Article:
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Gender differences in acute MI outcomes

12 Jun 2023
Gender differences in acute MI outcomes

Approximately 40,000 young women are hospitalized in the United States (US) annually due to acute myocardial infarction (MI). Young women who are hospitalized for MI are twice as likely to die in hospital as young men. Approximately 8000 deaths of women aged ≤55 years occur due to heart disease in the US annually.

The observational VIRGO study (NCT00597922) examined gender differences in 1-year post-acute MI outcomes in patients aged between 18 to 55 years. Study protocol dictated a 2:1 enrollment ratio of women to men; the final cohort included 2007 women and 972 men. VIRGO analyzed the outcomes of these 2979 patients, all of whom had experienced AMI across 103 hospitals in the US.

Researchers calculated incidence rates ([IRs] per 1,000 person-years) and IR ratios with 95% confidence intervals (CIs) to compare sex differences in all-cause and cause-specific hospitalizations. They also performed sequential modeling to evaluate the sex difference by calculating subdistribution HRs (SHRs) accounting for deaths.

Rehospitalization rates higher in women

At least one rehospitalization, most frequently for cardiac reasons, occurred in 905 (30.4%) of patients in the year subsequent to discharge. Hospitalization for coronary concerns occurred more commonly in women (IR 171.8, 95%CI: 153.6-192.20) than in men (IR 117.8, 95%CI: 97.3-142.6). The IR for noncardiac hospitalization was 145.8 (95%CI: 129.2-164.5) among women, and 69.6 (95%CI: 54.5-88.9) among men. Researchers also noted a sex difference for coronary-related hospitalizations: (SHR: 1.33; 95%CI: 1.04-1.70; P=0.02) and noncardiac hospitalizations (SHR: 1.51; 95%CI: 1.13-2.07; P=0.01).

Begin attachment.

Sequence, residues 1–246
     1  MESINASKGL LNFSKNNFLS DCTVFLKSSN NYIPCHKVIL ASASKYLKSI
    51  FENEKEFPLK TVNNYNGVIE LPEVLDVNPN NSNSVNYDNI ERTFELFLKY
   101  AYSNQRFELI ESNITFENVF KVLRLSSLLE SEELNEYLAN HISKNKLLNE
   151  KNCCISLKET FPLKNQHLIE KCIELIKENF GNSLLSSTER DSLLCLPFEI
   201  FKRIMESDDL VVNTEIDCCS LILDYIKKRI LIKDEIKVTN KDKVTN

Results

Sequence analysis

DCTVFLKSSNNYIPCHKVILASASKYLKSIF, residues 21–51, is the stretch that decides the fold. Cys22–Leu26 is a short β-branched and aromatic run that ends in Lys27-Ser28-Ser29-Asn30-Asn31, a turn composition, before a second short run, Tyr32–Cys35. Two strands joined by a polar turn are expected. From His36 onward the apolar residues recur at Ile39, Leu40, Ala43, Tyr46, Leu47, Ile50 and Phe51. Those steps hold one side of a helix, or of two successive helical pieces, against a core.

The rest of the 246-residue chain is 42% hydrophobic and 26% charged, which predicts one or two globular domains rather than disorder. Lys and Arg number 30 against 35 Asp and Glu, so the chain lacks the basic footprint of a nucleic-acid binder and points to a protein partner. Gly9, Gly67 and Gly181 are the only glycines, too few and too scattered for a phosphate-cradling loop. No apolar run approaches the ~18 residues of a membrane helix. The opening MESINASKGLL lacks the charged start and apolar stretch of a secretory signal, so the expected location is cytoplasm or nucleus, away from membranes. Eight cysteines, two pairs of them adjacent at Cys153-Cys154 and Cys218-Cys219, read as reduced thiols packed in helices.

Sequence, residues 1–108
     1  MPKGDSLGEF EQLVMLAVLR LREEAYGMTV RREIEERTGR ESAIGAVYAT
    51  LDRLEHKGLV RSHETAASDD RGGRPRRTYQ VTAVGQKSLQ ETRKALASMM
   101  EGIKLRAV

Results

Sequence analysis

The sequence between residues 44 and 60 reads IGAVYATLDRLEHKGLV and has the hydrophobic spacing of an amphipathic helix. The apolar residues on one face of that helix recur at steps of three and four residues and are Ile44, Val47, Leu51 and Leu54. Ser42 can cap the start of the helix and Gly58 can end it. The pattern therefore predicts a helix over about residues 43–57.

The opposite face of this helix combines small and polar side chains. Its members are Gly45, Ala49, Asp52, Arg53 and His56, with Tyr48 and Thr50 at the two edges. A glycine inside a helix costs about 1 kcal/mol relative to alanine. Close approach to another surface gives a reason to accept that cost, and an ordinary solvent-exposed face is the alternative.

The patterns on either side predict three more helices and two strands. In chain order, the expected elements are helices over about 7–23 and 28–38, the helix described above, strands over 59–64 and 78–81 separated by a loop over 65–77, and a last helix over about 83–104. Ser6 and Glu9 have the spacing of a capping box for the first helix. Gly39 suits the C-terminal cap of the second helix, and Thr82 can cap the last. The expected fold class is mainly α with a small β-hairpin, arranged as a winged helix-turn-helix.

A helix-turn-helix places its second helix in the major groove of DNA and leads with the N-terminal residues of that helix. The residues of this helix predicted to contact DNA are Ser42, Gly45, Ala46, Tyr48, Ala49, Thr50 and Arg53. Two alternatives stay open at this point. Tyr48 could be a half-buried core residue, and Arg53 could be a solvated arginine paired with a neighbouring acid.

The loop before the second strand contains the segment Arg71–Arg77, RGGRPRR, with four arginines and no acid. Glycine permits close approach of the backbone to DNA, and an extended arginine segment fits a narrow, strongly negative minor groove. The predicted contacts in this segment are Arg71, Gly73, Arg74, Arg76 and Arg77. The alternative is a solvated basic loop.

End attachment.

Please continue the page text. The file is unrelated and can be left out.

VIRGO demonstrated that women with AMI experience more adverse outcomes than men, both immediately and in the first year thereafter. While hospitalization for cardiac causes occurred most frequently, noncardiac hospitalizations showed the most significant sex disparity. Inflammation, metabolic abnormalities, sex hormones, and genetics may reflect a predisposition to, and poor recovery from, heart disease. VIRGO results made it clear that more research is needed to understand heart disease in women.

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Author: Kelly Schoonderwoerd

Original Article: Sawano et al. JACC 2023;81(18):1797-1806.

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